Whether you are building a brand from scratch or your current social media / digital PR presence doesn’t seem to be working out, there are some things you can do today to get going in the right direction. An important part of social media is knowing how to track, and using the tools available to you. Getting things setup from the get go will streamline your whole process, and ensure you aren’t missing out on some potentially fruitful opportunities. This is the second in a series of checklists I created to cover the bare minimum of what needs to be done on social, how to ensure you’re going in the right direction and what questions to ask yourself about your social media presence. Again, we can’t include full knowledge of all the latest trends, and lots of research is probably in order on your end BUT if you thoughtfully start tracking online conversations, you’ll be setup for engaging others and creating content that is relevant and will stick with your audience. Download the PDF checklist to follow along.
The very first thing I do when BRINK takes on a new social media account, is edit my Google Alerts to include their brand name, and anything relevant sub-terms that people might be talking about. It’s an essential start to gauge interest in that brand and its competitors. Mining the links Google drops in your mailbox each day can be the source of your very first posts. Note: Google Alerts are useless if you aren’t taking inventory of the relevant content Google finds for you each day or week. Marry your Content Calendar (which you can find in my last checklist post) with your Google Alerts. When you find relevant articles in your Google Alerts, drop them into the calendar for posting well into the future. Some of what you’ll find with Google Alerts will warrant attention NOW (say, Cool Hunting just posted about your brand… don’t wait to engage with that) but others can be shuffled in to fill out your calendar. Tip: You do not want to only be posting about yourself! Consider the 10:3:1 rule. That means, 10 posts you make should not be about yourself but should be useful to your audience (who you have to identify), 3 posts should be about your brand (find those with Google Alerts, or link to your blog) and 1 post should be a direct pitch for your brand (make a meme, share a story, lead folks to a landing page). So don’t post every article you find about yourself ad nauseum. You’ll bore your community and look like a jerk. Instead, consider adding Google Alerts that bring up lists or tips related to your industry, but not about you specifically.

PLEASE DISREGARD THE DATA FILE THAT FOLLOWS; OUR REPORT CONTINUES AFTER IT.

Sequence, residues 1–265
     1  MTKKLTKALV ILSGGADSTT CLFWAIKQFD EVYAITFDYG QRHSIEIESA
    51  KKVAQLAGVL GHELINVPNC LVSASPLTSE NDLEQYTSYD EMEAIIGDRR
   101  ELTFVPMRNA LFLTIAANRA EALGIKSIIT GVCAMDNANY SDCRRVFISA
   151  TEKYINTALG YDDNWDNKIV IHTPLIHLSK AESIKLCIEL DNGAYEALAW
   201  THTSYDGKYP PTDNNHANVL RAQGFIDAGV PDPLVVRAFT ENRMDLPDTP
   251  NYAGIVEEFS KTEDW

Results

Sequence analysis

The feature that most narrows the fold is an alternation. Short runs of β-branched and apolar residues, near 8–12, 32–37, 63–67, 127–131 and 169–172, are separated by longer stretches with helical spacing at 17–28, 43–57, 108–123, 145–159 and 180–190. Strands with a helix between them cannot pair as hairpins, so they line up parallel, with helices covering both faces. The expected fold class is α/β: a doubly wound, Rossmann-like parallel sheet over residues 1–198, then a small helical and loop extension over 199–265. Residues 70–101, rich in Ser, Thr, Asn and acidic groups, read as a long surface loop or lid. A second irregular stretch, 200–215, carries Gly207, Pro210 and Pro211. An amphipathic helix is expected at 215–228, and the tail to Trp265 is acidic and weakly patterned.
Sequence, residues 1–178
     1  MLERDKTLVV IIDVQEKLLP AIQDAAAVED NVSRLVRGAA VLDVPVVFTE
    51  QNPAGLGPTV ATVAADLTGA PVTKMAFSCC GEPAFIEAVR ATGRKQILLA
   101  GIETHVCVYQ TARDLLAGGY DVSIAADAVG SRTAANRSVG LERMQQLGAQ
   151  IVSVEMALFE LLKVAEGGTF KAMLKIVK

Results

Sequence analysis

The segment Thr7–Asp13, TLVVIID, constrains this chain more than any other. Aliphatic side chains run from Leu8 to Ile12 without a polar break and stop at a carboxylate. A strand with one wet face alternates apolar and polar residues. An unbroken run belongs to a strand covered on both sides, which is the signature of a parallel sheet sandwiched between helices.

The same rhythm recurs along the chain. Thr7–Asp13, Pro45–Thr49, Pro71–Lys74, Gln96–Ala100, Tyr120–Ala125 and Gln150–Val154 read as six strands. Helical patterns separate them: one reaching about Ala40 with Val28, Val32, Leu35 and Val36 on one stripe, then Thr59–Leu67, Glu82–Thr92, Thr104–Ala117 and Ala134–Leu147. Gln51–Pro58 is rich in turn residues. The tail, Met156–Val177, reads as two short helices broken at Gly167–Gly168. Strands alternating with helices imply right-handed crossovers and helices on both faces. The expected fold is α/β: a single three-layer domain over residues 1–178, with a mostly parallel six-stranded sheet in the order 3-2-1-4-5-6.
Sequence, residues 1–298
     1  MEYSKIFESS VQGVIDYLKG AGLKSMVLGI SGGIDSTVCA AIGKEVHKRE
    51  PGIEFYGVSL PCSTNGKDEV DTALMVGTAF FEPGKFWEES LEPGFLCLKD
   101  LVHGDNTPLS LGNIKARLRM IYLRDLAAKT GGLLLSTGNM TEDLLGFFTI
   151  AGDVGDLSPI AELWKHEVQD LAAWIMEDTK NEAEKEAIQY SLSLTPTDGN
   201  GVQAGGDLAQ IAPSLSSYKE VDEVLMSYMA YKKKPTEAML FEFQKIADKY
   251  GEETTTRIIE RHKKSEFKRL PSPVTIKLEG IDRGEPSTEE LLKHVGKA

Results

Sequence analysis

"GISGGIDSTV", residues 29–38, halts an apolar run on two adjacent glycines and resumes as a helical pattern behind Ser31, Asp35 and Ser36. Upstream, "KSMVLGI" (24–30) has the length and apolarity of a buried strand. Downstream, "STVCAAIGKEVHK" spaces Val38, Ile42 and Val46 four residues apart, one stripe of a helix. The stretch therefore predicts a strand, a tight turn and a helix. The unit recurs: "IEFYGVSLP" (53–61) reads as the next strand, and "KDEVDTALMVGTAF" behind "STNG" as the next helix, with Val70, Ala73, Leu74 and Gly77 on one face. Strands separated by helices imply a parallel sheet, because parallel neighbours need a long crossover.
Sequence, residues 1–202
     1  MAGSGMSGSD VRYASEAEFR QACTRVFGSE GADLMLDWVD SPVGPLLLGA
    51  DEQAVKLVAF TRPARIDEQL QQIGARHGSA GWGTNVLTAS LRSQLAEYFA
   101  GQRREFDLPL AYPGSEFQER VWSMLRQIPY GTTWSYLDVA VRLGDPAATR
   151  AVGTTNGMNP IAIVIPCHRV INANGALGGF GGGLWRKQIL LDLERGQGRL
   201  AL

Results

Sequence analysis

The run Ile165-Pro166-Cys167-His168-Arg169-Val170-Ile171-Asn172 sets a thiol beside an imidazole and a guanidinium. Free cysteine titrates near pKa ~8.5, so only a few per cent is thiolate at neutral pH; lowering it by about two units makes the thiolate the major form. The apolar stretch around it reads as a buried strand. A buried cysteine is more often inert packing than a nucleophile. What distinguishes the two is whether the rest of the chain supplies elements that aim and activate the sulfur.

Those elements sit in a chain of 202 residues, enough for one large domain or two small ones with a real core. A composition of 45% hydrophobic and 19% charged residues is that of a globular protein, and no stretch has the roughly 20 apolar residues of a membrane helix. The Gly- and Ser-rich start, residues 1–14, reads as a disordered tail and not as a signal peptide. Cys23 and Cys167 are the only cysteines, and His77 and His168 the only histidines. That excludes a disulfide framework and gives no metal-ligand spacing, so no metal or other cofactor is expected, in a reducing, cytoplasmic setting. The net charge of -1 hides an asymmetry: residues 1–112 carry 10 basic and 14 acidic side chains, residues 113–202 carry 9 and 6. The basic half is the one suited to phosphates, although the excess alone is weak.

If Google Alerts is your boss, your blogroll is your best friend. While Google Alerts can hone in on exactly what you need to be paying attention to, and provide you with clear tasks, interesting blogs can give you little tips on what content is cool / hip / on the brink (haha) / making buzz in your industry. Note: Blogs change quickly and need to be checked in with a lot. Make a clear list of bookmarks in your browser, and segment that list into clear categories. Keep another documenting with observations on what you’re finding. That document is not about content, but about best practices. What they are doing? How they are presenting information? Observe and reflect that in your own posts. Tip: A good way to find relevant blogs is to find ONE or better yet a handful of awesome blogs and follow their trail. Who do they follow on Twitter? Who have they posted about? Does that person have a blog? Seek out these links and follow them. Then add them to your bookmarks too. Use the interesting / compelling / useful-to-your-audience articles you find in the blogs you regular check in with as part of the 10 posts you share that are NOT about yourself (remember the 10:3:1 rule?) Another Tip: Check out these blogs Alexa Ratings here. Knowing their audience and reach will be useful for gauging their popularity. This information can be helpful when you are forming a Digital PR strategy. For example, if they have a large audience and influence in your vertical, they might be worth a lot of effort when seeking out people to pitch a story about your brand.